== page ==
There are many young men and women of my generation who were born and raised under the pontificate of John Paul II, but feel very akin to Benedict XVI. I know many young fathers whose love of theology, sparked by reading something Ratzinger wrote once and probably forgot about, has led them to do night classes and online courses in theology while raising families and putting food on the table. It is now officially “cool” to be a dogmatic theologian, and Generations X and Y are working their way to becoming the theologians of the future.
The life of these young theologians, however, is not what you think it might be. Many inspired to study theology have entered undergraduate or graduate programs in theology. Their lives are spent in classrooms and libraries, they live and breathe theology. But something is missing. The self-described orthodox among them are keen on getting the doctrine right and serving the Church in fidelity to the Magisterium. And so they slough through years of lectures, papers, exams and theses. If they can even consider an entry-level job as a professor, they then enter the rat race for tenure, the pressure to publish, and they are imprisoned in the ivory tower of academia. They look around them years later and then wonder what happened to their dreams to serve Jesus Christ and His Kingdom on Earth.
Many of them look for faculties with recognized names and faculty. Not a few of them even choose to go to non-Catholic faculties of theology where brilliant Catholic scholars can mentor them. They fully agree with John Paul II that they have to do theology on their knees, but what that means is usually praying to keep their head above water in the topsy turvy lifestyle they have chosen. They are faithful Catholics, and many of them carve out of their busy schedule time for Sunday Mass in their local parish. The parish with the bad preaching, happy-clappy hymns, and, banal language.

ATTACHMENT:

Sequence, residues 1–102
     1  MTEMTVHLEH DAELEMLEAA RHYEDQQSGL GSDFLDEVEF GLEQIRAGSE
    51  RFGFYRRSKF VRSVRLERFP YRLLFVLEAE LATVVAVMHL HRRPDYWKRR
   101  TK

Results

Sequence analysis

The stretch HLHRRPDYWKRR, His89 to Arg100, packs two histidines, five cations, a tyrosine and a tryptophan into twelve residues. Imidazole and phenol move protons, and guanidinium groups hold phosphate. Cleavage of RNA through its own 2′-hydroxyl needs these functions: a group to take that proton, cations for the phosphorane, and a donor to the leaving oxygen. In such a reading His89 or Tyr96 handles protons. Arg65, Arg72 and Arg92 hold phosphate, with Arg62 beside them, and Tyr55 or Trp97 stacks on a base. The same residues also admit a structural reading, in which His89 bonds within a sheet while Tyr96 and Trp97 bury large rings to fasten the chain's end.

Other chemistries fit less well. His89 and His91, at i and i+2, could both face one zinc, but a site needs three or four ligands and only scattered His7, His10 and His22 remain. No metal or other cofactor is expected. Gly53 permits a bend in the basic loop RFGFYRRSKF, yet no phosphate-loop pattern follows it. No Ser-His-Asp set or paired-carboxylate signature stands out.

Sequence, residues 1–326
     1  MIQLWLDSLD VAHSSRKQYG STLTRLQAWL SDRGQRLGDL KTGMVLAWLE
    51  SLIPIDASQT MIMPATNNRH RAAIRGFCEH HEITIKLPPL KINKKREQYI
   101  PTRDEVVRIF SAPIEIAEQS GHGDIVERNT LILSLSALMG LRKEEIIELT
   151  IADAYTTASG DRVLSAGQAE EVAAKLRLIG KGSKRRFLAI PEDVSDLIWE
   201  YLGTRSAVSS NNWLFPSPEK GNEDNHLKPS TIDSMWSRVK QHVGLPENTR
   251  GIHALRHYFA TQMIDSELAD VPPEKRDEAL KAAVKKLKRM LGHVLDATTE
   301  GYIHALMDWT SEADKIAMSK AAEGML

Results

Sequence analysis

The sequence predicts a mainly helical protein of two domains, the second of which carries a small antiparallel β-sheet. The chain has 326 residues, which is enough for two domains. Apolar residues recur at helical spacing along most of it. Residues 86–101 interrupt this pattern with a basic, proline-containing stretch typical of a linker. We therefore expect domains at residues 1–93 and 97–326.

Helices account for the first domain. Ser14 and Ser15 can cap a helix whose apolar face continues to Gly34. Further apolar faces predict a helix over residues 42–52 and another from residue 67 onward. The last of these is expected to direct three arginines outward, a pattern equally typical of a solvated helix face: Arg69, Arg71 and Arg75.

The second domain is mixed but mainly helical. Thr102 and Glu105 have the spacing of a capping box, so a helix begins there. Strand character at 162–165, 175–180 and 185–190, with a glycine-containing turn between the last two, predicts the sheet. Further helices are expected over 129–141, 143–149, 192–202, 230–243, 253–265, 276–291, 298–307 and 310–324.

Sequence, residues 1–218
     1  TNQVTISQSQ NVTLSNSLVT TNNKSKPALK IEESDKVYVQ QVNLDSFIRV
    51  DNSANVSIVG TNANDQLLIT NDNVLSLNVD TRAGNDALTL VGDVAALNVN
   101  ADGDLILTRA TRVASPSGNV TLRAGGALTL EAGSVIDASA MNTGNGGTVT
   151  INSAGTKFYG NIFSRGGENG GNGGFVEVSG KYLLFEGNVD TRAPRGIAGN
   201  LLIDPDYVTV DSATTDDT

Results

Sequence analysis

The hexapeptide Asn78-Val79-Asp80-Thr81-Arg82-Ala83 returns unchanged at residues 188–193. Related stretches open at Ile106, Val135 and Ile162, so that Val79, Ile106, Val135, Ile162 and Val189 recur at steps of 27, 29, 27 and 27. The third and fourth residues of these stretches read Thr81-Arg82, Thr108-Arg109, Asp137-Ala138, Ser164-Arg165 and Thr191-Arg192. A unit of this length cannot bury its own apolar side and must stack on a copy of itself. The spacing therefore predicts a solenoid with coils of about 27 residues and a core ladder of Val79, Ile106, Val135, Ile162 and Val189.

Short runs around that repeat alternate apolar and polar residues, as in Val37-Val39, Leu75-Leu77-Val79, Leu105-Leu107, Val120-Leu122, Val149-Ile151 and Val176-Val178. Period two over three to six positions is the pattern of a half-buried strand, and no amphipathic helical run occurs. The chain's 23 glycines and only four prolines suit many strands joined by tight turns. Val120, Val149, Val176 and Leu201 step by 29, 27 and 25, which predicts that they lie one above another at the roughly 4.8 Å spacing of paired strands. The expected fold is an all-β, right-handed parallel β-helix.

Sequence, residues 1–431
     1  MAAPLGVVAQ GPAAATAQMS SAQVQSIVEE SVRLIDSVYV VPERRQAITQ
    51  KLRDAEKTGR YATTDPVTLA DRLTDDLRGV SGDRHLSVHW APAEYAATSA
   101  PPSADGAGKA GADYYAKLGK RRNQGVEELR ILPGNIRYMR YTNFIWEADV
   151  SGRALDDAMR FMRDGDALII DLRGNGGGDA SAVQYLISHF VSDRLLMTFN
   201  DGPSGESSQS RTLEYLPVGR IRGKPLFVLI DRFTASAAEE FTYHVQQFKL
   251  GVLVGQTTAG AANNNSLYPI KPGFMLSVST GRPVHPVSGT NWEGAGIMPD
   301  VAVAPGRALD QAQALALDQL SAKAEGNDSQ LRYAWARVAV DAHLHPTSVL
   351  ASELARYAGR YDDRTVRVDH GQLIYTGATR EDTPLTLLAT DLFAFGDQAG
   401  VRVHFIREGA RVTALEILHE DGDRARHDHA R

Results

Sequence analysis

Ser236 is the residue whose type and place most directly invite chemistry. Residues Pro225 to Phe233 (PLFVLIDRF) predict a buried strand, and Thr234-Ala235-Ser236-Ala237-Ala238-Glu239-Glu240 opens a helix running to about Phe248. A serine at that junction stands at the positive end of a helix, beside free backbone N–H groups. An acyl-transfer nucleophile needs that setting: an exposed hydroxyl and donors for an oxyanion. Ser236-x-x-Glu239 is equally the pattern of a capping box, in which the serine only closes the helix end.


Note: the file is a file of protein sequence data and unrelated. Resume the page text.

Formed as theologians in this type of environment, working as theologians in this type of environment, will inevitably take its toll. It is very easy to see theology as an independent science, a matter of thinking independently about religious matters so that we may enlighten others as to what has come to mind. It becomes an individual quest. And it becomes detached from the lived communion of the Church, and from the founts which inform theological reflection: ecclesial life and prayer.
Theology becomes an academic discipline in a rarified university setting where its practitioners occasionally emerge to go to Mass and a parish social function. Is this what is meant by the “ecclesial vocation of the theologian” who learns his craft “on his knees”?
The doctrine which is the sine qua non of dogmatic and moral theology is more than creedal statements of the Magisterium. The teaching of Christ is celebrated in the liturgical experience of the Church. A theologian will approach the mystery of faith only as well as he has encountered the mystery through the sacred liturgy.
The document Ex corde ecclesiae is important not because it establishes a minimum of Catholic identity by way of imposing certain prohibitions on university life: we don’t do plays about body parts that talk, we don’t think that latex will save the world, we don’t allow teachers to say like the fool that there is no God. The document is important because it re-establishes contact between the search for Truth and the Truth who is grasped most fully through the Church at Prayer. For the theologian to be worthy of the doctrine he plumbs, he must be able to say Domine, non sum dignus ut intres sub tectum meum and understand as much as he can about why that phrase is so important.
The Catholic educational world must be suffused with the spirit of the liturgy if it is to produce seekers of wisdom and if its theology is to be authentic.